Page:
Martin Luther was probably the first to deny the Solomonic authorship. He regarded the book as “a sort of Talmud, compiled from many books, probably from the library of King Ptolemy Euergetes of Egypt.” Grotius in 1644 followed Luther in the idea that the book was a collection, and once the idea of the unity of the book was broken, it became possible to follow a fresh line of interpretation. Thus Herder and Eichhorn (c. 1780) regarded the book as a dialogue between a refined sensualist and a sensual worldling, or between a teacher and a pupil. The successor to this theory today is the commonly adopted one of three hands in the book. First, there is Koheleth himself. Koheleth is the title assumed by the main author. Our English versions translate it as “The Preacher.” Probably this is near enough to the correct meaning, but the commentaries commonly transliterate the Hebrew, so we shall do the same. Koheleth states doubts and problems that arise in his mind as he examines life. Then, there is the Pious Man who interjects orthodoxy when he finds a saying of Koheleth that shocks him. Finally, a Wise Man sprinkles in a few maxims and proverbs. It is, of course, possible to have many more writers than these three if you wish. Siegfried has a pessimist, a Sadducee, a wise man, a pious man, a proverbial anthologist, a Redactor, An Epilogist, a second Epilogist, and a Pharisee.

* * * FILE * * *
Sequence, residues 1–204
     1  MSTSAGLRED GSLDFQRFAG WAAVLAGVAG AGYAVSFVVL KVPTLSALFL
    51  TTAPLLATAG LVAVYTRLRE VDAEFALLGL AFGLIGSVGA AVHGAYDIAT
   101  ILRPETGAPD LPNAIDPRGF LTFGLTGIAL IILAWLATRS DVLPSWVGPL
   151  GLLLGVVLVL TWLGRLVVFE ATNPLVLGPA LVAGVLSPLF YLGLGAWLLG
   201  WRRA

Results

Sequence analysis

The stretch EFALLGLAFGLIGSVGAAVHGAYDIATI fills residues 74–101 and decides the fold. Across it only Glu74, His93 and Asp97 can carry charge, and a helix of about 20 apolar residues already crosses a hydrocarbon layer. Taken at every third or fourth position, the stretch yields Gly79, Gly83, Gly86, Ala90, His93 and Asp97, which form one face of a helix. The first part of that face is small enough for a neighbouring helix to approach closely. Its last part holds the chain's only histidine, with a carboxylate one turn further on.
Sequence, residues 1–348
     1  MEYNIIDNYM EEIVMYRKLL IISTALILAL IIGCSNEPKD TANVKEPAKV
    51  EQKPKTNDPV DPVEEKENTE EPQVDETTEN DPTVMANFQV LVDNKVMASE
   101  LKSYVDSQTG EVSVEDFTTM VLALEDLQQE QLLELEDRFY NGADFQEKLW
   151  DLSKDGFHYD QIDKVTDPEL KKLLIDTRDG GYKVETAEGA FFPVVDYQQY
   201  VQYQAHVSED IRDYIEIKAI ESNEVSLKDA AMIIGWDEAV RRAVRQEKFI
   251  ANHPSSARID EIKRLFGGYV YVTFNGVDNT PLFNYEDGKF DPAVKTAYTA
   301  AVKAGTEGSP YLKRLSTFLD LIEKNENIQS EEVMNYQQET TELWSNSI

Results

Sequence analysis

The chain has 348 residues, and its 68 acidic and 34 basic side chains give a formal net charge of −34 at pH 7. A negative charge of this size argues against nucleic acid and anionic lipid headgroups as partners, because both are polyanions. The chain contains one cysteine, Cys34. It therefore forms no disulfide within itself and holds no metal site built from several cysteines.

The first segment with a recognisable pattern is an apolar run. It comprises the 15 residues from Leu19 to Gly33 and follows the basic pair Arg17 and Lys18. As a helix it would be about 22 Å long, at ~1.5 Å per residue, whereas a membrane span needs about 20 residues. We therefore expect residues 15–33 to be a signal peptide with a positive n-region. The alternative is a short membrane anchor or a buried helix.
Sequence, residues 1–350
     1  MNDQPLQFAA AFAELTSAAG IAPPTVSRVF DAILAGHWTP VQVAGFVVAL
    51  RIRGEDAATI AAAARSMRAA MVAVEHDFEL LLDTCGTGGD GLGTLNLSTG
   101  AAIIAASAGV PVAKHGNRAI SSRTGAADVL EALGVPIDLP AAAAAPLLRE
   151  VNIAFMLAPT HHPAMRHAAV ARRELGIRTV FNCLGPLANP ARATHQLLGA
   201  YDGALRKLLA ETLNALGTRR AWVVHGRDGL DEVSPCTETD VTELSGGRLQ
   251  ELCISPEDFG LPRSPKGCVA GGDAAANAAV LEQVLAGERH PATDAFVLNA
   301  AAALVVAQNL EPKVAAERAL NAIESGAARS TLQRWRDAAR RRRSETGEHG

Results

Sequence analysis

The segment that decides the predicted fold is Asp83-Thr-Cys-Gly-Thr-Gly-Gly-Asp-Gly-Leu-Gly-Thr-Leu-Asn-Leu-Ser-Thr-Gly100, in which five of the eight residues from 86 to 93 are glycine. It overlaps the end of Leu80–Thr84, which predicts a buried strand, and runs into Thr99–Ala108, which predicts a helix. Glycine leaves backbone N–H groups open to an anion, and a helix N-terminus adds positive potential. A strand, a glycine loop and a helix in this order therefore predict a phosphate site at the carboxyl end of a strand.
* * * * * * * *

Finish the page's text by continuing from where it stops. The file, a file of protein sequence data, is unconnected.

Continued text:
On the other hand, some commentators hold strongly to the unity of the book. Canon Lukyn Williams in the Cambridge Bible accepts it almost entirely, as previously did such commentators as Delitzsch, C.H.H. Wright and Cornill. What interpretation on this view will justify the retention of the book in the Bible? Without concerning ourselves with details, the interpretation generally adopted is that here we have the struggles of a thinking man to square his faith with the facts of life. In spite of all the difficulties, he fights his way through to a reverent submission to God. The book then is valuable, since it shows that even with the lesser light of the Old Testament it was possible for a thinking man to trust God; how much more is it possible for us with the fuller light of the New Testament! Cornill thus regards the book as marking one of the greatest triumphs of Old Testament piety.